This helps the older person see and pay attention to you. Make sure that the lighting is helping and not interfering with the person's vision. While bright light often helps, it also can create glare that interferes with vision.
- Eliminate background noise. Turn off the TV and radio.
Turn off the TV and radio. If there are many sources of stimulation, the older person will have trouble focusing on only one. The fewer distractions the better. Avoid talking in noisy or distracting places. Restaurants, airplanes, and cars are noisy and make it difficult to communicate. If possible, when you want to communicate, pick a time when you will not be interrupted.
- Have the older person sit up for conversation, if possible.
If the older person is confined to bed, sit him or her up and place a pillow behind him or her for support. If the person is in an adjustable bed, raise it to a level comfortable for sitting. This facilitates eye contact and makes talking easier.
Use devices to improve hearing and vision when appropriate
There are many helpful devices available for purchase, and some that you can devise yourself to improve communication. Following are a few suggestions:
- Use eyeglasses and hearing aids.
It is important that the older person wear glasses and hearing aids if they are recommended. Check that the eye prescription is up to date, and that the hearing aid is working. In addition, there are several other devices available to help hearing and vision. For example, some "low vision aids" such as a large lighted magnifying glass may help someone read or even paint when regular eye glasses are not sufficient. There are also programmable hearing aids and television and telephone amplifiers that can help someone hear in specific situations. (See the Hearing Loss for more discussion of these devices.)
- Use writing, pictures, and gestures to supplement spoken language.
Instead of repeating yourself endlessly to someone who has trouble hearing, understanding, or remembering, you might want to post signs with important information, such as the date and who is coming to visit that day. For people who have difficulty speaking, sometimes gestures (including nods and hand signals) or pictures (of, for example, family members or particular foods) can help. Written diaries/memory books and pictures can be aids for those with memory impairments. In addition, people who do not understand spoken language may be able to understand when speech is accompanied by a meaningful gesture or key words in writing.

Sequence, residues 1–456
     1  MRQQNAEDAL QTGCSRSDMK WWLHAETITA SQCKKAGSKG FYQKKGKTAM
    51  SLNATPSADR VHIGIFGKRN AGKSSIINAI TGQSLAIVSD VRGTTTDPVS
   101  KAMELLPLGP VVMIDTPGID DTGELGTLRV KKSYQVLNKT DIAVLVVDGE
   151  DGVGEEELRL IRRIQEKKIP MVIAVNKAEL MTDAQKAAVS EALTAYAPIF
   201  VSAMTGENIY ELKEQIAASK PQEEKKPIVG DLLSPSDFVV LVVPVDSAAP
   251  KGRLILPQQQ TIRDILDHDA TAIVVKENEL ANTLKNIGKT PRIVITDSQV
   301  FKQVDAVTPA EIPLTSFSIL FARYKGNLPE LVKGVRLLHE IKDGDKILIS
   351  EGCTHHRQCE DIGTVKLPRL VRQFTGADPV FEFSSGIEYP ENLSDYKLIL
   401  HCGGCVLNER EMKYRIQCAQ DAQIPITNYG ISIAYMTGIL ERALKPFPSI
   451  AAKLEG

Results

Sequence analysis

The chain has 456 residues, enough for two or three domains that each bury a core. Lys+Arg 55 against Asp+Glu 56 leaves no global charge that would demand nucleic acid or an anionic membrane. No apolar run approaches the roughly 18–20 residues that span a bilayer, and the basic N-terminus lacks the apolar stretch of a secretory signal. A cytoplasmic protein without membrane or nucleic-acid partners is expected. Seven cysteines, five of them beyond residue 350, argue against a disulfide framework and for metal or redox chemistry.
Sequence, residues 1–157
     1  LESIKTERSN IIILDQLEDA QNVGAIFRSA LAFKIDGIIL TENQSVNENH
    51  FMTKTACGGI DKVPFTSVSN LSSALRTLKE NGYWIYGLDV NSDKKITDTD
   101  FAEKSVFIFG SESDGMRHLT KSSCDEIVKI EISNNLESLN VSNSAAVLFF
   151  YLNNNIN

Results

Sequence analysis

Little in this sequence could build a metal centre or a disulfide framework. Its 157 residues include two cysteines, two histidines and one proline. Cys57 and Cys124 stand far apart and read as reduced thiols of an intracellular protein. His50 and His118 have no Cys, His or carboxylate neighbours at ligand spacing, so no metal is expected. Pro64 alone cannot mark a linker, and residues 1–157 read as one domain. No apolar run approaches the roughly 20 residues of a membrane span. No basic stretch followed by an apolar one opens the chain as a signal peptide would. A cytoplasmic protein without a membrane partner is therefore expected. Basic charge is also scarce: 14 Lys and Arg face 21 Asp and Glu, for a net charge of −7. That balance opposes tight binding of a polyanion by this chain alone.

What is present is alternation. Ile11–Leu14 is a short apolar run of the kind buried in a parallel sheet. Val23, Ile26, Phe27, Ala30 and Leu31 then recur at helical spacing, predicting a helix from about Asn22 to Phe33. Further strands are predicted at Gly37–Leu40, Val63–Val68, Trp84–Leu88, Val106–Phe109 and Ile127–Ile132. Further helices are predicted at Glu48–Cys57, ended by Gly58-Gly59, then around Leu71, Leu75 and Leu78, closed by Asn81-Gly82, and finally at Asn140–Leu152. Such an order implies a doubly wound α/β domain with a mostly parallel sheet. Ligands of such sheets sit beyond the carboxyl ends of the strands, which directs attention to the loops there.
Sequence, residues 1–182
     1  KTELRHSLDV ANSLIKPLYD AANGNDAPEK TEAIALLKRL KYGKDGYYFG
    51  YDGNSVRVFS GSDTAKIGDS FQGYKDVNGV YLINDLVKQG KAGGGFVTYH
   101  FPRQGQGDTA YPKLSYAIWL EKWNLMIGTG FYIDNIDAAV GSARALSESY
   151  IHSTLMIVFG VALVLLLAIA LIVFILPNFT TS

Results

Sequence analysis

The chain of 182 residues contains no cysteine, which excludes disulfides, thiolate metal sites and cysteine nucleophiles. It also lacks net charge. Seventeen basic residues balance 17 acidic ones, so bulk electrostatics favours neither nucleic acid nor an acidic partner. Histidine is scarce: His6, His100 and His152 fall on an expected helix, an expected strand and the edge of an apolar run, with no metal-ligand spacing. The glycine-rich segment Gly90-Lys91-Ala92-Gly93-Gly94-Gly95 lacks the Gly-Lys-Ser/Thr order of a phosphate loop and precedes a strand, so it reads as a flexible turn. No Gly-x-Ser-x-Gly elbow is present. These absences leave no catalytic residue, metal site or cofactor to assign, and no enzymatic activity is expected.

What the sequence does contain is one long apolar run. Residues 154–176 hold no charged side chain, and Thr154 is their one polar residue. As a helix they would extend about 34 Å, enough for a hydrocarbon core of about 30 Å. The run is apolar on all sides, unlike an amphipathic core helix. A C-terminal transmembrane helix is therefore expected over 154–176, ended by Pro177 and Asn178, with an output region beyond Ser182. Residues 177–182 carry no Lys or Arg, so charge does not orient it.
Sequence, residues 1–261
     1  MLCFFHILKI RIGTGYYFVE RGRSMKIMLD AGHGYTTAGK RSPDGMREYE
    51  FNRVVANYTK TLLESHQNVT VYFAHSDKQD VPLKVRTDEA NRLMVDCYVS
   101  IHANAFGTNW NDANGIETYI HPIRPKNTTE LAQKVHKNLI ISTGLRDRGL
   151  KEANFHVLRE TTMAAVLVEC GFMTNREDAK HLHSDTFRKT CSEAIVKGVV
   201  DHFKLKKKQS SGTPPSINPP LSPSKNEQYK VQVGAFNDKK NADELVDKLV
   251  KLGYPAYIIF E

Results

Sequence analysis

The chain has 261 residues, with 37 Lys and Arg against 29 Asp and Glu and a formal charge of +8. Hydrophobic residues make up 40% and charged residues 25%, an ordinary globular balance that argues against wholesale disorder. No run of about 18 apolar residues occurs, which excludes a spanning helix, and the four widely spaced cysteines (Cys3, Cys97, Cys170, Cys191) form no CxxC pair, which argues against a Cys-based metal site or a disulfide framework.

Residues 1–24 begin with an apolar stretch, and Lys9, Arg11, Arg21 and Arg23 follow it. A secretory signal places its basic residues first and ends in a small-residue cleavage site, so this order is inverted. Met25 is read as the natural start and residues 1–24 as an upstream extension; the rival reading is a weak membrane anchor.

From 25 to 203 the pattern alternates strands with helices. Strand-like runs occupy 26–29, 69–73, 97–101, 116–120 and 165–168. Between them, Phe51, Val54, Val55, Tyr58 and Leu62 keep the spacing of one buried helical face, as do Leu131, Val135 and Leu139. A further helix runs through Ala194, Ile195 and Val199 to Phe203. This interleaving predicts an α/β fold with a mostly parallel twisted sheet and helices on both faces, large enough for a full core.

Adjust your communication style to fit the person's needs
- Speak slowly and clearly.
If you tend to speak fast, you may need to slow your speech and speak clearly. But do not slow your speech so much that it sounds distorted. This can cause further problems.
- Select familiar topics.
If the older person has a hard time following a conversation, try to select topics that are important to him or her. For example, you may find it easier to talk about a neighbor's house than to discuss the inflation rate.
- Pay attention to the emotional aspects of conversation.
Don't be a stickler for details at the expense of the relationship. If a person with a memory problem does not remember the day, or even your name, ask yourself, "Does it really matter?" before getting upset and correcting him or her. It is often better to have an enjoyable time conversing than a factually correct conversation. Often the most important part of the message is emotional, and this is conveyed through the sound of your voice and your facial expression. Don't rely on just one mode, or think that just because someone doesn't understand certain sentences, that they cannot get your meaning. Also remember that constant correction can make the older person frustrated and can exhaust and irritate you.
- Encourage using many words to express ideas.